sampleInfo <- read.csv(file.path(basedir, "dataInfo.csv"))
gtfFile    <- file.path(basedir, "Homo_sapiens.GRCh38.76.gtf.gz")
annotReg   <- readAnnotation(gtfFile, feature="gene", source="miRNA")
bamFiles   <- paste(file.path(basedir, sampleInfo$FileName), "bam", sep=".")
srnaExp    <- srnadiffExp(bamFiles, sampleInfo, annotReg)

4.4 Read annotation

srnadiff offers the readAnnotation function related to loading annotation data. This accepts two annotation format files: GTF and GFF formats. Specification of GTF/GFF format can be found at the UCSC dedicated page.

readAnnotation reads and parses content of GTF/GFF files and stores annotated genomic features (regions) in a GRanges object. This has three main arguments: the first argument indicates the path, URL or connection to the GTF/GFF annotation file. The second and third argument, feature and source respectively, are of type character string, these specify the feature and attribute type used to select rows in the GTF/GFF annotation which will be imported. feature and source can be NULL, in this case, no selection is performed and all content into the file is imported.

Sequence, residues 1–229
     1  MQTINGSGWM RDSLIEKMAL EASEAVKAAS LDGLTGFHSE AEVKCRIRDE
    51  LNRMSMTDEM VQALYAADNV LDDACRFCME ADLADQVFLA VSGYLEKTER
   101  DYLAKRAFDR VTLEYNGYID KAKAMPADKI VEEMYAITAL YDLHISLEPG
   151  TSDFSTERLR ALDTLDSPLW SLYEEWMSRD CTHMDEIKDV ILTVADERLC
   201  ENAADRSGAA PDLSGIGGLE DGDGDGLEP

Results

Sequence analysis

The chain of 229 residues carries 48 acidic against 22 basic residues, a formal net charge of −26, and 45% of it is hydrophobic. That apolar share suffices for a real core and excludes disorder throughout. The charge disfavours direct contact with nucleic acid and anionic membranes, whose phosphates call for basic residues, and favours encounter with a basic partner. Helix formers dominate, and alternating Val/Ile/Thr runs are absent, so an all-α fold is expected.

4.4.1 Extraction of putative regions using an GTF annotation file

This method simply provides the genomic regions corresponding to the annotation file that is optionally given by the user. It can be a set of known miRNAs, siRNAs, piRNAs, genes, or a combination thereof.

4.4.2 Whole genome file annotation

This GTF file can be found in the central repositories (NCBI, Ensembl) and contains all the annotation found in an organism (coding genes, tranposable element, etc.). The following function reads the annotation file and extracts the miRNAs. Annotation files may have different formats, but this command has been tested on several model organisms (including human) from Ensembl.

gtfFile  <- file.path(basedir, "Homo_sapiens.GRCh38.76.gtf.gz")
annotReg <- readAnnotation(gtfFile, feature="gene", source="miRNA")

4.4.3 Extraction of precursor miRNAs using a miRBase-formatted GFF file

miRBase (Kozomara and Griffiths-Jones 2014) is the central repository for miRNAs. If your organism is available, you can download their miRNA annotation in GFF3 format (check the “Browse” tab). The following code parses a GFF3 miRBase file, and extracts the precursor miRNAs.